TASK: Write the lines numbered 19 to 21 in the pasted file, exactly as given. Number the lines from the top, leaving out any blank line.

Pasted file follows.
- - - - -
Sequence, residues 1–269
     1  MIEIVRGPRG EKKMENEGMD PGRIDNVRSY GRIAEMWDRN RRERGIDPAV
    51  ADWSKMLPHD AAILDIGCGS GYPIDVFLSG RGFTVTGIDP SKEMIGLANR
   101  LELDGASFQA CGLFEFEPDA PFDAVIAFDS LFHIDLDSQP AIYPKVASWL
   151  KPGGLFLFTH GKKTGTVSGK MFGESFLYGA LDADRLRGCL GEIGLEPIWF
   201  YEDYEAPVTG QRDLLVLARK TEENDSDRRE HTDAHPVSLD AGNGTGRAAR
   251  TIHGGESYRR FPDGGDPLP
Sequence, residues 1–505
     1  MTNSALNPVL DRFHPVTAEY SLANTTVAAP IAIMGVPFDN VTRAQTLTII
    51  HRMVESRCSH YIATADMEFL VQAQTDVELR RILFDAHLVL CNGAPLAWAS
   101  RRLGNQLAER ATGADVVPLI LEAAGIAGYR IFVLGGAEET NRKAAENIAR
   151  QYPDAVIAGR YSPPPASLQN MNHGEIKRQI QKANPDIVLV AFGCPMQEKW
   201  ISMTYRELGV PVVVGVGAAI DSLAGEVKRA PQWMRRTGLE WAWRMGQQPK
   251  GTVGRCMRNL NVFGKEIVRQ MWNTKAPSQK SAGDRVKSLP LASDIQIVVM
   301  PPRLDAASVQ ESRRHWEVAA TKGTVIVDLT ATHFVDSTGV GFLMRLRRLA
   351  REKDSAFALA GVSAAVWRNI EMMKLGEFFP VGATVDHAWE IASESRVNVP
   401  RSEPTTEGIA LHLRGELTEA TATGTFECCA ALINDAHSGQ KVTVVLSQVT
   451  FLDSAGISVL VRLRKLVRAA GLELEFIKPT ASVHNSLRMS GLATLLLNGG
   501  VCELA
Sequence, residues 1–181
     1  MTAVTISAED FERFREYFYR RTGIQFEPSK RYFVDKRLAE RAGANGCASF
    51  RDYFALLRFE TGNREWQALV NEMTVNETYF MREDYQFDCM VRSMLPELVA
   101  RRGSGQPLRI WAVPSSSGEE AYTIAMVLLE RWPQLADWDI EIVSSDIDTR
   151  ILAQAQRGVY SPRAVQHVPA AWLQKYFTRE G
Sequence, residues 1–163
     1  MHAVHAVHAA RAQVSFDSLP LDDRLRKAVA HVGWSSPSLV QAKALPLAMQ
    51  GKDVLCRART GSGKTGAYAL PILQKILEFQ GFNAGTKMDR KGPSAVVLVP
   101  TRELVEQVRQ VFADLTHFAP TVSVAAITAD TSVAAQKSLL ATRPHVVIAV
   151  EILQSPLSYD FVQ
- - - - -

   501  VCELA
Sequence, residues 1–181
     1  MTAVTISAED FERFREYFYR RTGIQFEPSK RYFVDKRLAE RAGANGCASF